A REWARDING TALE
Photograph: Chris Draper
May I help? No, I'm fine. Really, I insist.
Thanks, but no. It's my pleasure...
ARABIAN BABBLERS ARE the ultimate Mr Nice Guys. These unremarkable little brown birds, which are found on the Arabian and Sinai peninsulas, are so very nice to each other that they compete for who can be the nicest. Of course, the competitions are carried out in the nicest possible way, with rivals making friendly gestures in defence of their right to be nice. In a world where only the fittest survive, this kind of behaviour seems dysfunctional. But Amotz Zahavi and his team at Tel Aviv University, who have been watching the babblers (Turdoides squamiceps) for almost three decades, have an explanation. This is the story of the babblers' generosity.
They live in groups of up to 20 adults, each group having its own territory that it defends against marauders from other groups. All the members of a group work together to raise the young of a few dominant birds. But their cooperative behaviour extends well beyond feeding the young. Adult babblers also feed each other, preen each other, watch over each other and even keep each other warm at night.
What lies at the root of all this altruism? The most obvious explanation is that birds help each other because they are related. An individual can gain some sort of genetic legacy by promoting the survival of other birds with whom it has genes in common. As these relatives are likely to share genes for helping behaviour, the trait will flourish. But Zahavi and his team have tracked the breeding history of individuals in more than 20 groups of babblers, and they know that not all the members of a group are related.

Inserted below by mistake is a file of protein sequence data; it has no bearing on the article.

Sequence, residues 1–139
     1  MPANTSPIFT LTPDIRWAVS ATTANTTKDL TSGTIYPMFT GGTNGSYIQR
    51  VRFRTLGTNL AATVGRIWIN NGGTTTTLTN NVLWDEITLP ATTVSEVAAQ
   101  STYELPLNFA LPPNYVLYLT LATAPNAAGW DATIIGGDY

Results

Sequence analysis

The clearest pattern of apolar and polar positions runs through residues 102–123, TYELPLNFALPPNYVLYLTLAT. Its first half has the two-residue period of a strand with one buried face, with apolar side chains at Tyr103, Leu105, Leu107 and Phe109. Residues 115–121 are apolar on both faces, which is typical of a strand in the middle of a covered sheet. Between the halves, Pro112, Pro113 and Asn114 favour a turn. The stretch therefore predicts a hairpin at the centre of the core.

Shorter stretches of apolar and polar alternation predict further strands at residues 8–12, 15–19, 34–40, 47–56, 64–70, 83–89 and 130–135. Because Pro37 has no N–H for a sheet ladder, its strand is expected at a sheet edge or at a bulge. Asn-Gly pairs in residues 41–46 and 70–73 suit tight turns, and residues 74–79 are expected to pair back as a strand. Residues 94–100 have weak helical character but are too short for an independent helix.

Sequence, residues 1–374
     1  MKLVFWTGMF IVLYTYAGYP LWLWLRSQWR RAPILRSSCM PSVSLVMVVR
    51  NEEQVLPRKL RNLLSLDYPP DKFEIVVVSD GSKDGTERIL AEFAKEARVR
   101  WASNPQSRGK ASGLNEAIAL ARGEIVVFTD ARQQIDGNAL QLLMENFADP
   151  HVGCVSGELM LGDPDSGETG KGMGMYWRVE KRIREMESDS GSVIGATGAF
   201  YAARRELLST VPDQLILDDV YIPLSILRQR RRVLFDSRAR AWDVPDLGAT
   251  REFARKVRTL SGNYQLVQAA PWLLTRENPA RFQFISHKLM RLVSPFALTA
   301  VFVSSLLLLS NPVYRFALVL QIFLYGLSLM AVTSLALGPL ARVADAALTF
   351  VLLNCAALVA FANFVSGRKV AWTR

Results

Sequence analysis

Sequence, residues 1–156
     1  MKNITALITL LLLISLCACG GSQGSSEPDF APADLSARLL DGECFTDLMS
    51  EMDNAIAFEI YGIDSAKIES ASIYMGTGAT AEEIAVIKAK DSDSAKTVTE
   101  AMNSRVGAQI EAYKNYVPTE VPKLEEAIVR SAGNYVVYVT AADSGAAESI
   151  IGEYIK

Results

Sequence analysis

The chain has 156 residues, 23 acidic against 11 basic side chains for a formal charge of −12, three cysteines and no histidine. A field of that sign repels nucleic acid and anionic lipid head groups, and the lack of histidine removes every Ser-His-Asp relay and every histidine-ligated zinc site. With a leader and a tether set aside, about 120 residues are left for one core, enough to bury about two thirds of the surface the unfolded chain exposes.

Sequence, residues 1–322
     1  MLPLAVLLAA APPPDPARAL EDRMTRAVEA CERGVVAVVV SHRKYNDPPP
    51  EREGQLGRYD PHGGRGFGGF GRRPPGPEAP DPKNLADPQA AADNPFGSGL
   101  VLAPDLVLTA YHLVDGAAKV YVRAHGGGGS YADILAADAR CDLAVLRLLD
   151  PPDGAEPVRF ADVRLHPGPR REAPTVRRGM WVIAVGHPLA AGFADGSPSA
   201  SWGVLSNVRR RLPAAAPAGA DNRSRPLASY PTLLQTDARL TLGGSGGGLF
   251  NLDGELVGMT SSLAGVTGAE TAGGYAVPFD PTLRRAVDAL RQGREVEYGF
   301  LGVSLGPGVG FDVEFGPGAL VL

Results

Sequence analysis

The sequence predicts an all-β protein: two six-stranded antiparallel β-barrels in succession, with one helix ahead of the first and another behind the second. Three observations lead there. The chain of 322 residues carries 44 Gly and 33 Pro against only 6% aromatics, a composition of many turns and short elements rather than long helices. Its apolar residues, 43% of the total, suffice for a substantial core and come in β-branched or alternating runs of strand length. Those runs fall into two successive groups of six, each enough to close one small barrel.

Besides helping relatives, there is another potential indirect benefit to be gained from cooperating. It is possible that there are advantages for the whole group which outweigh the disadvantages to the individual of spending time helping others. Groups of babblers that help each other may do better than groups that do not, because they are less susceptible to attack, or because they make a better job of feeding the young. But there is a serious objection to the idea that babblers are nice because they gain indirect benefit through their kin or their group. In both cases, a babbler would get the same benefit at less cost to itself by letting others do the helping. Yet, far from exploiting the altruistic tendencies of fellow babblers, the birds actually waste energy stopping others from helping them.
Babblers have an elaborate social hierarchy. The ranking system is primarily based on age and sex, with males taking precedence over females, and older birds dominating younger ones. But within this rigid framework there is another system operating. Between birds of the same age and sex, social status is variable, changing over time depending on how nice each bird can manage to be. And since being the recipient of good deeds may actually lower status, the business of being nice is fraught with contradictions.